HAVANA TIMES — Rafael Botalin Diaz is 15 years old and suffers from a high-grade cerebral AVM that could kill him at any moment. It was detected in April, when he experienced convulsions and blacked out for half an hour.
He was treated at the Santiago de Cuba Children’s Hospital. There, on determining the seriousness of the case, the Ministry of Public Health placed him on a plane headed for Havana, accompanied by his parents and a nurse that was to see him at the Neurology Institute.
Physicians in the capital confirmed the diagnosis and decided that, given the complexity and gravity of the condition, he could not be treated in Cuba. The teenager requires multiple embolizations and radiosurgery, in view of which they recommended sending him to Spain.
Rafael’s father explained to me that there is a commission that reviews each of the cases that must be sent abroad for medical attention. This commission approved the patient’s transfer to a specialized care center abroad.
All trip and medical expenses are covered by the Cuban Public Health Ministry. They include anywhere from 30 to 50 thousand euros for medical attention and the round trip tickets for the child and his mother. She is also given money for the hotel, food and transportation.
“I have no complaints about the medical attention my son has received, the problem is that the trip is being delayed and no one is giving me an explanation,” his father, whose name is also Rafael Botalin, tells me.
He explains to me that, after his first meeting with the official responsible for these types of cases, he has never again been able to see anyone. He adds that the few times he has managed to get this person on the phone, he has received a very curt reply: “we have no new information for you.”
Rafael has requested a meeting with the Vice-Minister for Public Health several times to get an answer, but he has never been able to get past the secretaries, who always tell him their superior is on vacation, at a meeting or simply away.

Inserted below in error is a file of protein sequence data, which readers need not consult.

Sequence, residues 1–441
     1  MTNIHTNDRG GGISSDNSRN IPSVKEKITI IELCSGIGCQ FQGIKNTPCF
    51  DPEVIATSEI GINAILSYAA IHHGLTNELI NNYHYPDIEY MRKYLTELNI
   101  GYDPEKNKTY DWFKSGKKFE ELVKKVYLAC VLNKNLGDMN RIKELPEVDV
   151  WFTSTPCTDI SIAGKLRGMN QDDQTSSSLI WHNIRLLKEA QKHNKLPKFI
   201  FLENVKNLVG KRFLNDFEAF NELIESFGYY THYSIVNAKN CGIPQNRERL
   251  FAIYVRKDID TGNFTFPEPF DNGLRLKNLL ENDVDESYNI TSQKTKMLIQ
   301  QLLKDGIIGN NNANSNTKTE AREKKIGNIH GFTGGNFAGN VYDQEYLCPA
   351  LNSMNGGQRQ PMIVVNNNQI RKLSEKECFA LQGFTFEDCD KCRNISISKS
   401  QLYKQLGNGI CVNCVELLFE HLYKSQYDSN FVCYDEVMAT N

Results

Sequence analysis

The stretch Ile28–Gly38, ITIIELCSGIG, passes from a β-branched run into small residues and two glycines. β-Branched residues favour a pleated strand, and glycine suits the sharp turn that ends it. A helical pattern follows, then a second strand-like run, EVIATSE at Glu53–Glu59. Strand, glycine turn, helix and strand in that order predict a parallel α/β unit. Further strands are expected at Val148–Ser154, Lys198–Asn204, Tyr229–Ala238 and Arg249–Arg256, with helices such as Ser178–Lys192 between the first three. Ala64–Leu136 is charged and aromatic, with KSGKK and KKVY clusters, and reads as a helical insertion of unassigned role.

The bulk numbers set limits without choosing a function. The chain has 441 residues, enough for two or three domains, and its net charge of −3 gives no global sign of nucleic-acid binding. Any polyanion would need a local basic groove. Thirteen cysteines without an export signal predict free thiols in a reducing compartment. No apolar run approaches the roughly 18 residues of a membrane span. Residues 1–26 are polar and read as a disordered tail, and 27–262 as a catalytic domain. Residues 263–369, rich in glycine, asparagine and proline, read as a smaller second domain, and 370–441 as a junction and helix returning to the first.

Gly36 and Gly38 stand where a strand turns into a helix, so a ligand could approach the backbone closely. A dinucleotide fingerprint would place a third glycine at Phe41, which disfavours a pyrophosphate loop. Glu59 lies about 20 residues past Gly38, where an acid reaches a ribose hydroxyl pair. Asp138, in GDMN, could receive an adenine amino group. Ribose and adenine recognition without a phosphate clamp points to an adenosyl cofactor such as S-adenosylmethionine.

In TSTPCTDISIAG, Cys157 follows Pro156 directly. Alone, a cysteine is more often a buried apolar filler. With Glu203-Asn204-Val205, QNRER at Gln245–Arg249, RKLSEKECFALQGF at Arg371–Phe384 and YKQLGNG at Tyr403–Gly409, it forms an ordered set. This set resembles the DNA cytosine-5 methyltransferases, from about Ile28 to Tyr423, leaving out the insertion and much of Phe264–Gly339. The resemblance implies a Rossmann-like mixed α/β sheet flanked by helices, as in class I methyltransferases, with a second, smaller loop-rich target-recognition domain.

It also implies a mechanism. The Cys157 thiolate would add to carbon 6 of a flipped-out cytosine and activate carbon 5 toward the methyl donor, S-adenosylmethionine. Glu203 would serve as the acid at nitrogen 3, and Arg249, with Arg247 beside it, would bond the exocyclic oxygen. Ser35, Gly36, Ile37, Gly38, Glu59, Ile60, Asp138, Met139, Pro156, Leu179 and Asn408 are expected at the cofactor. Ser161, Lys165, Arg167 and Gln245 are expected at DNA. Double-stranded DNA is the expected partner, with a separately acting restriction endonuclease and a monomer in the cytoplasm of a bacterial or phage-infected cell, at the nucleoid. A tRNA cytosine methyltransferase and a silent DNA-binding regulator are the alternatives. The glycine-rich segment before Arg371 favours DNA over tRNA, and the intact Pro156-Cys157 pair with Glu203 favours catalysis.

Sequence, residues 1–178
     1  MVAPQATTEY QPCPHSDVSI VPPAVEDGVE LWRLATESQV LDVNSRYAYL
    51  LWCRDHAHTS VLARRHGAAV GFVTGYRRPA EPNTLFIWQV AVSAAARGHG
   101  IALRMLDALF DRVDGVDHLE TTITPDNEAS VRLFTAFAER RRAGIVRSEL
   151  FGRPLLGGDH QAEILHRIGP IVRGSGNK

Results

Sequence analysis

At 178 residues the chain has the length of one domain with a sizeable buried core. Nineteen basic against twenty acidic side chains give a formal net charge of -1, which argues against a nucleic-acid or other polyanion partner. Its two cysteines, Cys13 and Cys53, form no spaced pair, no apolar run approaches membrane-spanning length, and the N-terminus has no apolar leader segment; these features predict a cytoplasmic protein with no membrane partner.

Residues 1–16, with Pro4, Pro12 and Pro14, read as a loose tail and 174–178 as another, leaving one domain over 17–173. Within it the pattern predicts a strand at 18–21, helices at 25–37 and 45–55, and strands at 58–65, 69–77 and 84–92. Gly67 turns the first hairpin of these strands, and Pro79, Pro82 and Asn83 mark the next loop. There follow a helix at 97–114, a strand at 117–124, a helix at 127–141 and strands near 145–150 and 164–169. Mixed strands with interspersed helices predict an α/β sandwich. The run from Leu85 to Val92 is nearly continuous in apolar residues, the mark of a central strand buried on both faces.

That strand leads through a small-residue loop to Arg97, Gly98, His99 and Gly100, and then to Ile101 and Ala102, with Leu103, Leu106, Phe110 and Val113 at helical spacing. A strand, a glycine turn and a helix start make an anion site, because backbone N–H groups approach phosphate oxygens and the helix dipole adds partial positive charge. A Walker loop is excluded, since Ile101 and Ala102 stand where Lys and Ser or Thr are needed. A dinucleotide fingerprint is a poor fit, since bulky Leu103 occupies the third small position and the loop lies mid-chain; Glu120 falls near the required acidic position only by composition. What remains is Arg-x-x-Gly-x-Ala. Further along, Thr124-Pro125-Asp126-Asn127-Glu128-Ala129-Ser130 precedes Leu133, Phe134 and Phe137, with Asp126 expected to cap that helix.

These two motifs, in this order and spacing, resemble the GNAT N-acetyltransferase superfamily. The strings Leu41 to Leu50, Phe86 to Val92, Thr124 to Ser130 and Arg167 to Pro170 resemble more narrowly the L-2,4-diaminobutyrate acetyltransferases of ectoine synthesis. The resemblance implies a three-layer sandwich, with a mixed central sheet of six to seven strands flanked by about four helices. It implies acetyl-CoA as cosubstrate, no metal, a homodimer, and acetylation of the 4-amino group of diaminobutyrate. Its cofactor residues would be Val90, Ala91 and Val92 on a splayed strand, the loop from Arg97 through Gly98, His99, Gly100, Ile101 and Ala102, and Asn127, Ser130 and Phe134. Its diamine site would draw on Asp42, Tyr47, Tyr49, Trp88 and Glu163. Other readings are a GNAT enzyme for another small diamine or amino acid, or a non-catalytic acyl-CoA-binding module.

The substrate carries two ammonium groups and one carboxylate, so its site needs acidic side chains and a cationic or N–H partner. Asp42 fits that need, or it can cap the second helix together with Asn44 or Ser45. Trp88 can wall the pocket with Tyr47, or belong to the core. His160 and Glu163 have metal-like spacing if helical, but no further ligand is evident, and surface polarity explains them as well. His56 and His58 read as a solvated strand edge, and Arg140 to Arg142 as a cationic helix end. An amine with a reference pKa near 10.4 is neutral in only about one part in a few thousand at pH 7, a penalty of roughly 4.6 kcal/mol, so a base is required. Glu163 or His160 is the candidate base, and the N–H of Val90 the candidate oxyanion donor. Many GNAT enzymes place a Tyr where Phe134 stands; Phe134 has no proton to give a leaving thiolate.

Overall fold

He said that, finally, one of the secretaries took pity on him and informed him, over the phone, that the true cause of the delay is that the year’s budget for sending patients abroad has run out and that he would have to wait until January of 2015.
Rafael again consulted with the doctors, who reiterated that the case is very serious and should be treated as soon as possible. The problem is that the malformation is very complex and is aggravated by the changes a person experiences during adolescence.
They explained to him that another episode like the one he suffered in April could cause permanent damage and even death. Getting no answers from the Ministry of Public Health, the father is writing dozens of letters – to UNICEF, the WHO and the Central Committee of the Communist Party, among others – but no one replies.
Finally, he wrote my blog, Cartas desde Cuba (“Letters from Cuba”), in an attempt to make the case public, believing that he is facing mere bureaucratic hurdles, unwilling to have his son’s life depend on that. “If the budget’s run out, then they should get the money from less important health programs,” he said to me.
“Cuba invests money to help couples who suffer infertility and I think that’s very good, but they can’t prioritize that over the life of children who have already been born,” he added, arguing with as much passion as reason.
Without a doubt, Cuba’s economic resources are limited and sending patients abroad to receive medical attention at the expense of the Public Health Ministry is commendable for a Third World country.
It is advisable for the different sectors of the economy to restrict their spending to a given budget, but there are some sectors, such as health and education, in which flexibility is of the essence, in order to avoid having a child die of a curable disease or be left without a teacher.
(*) Visit the blog of Fernando Ravsberg.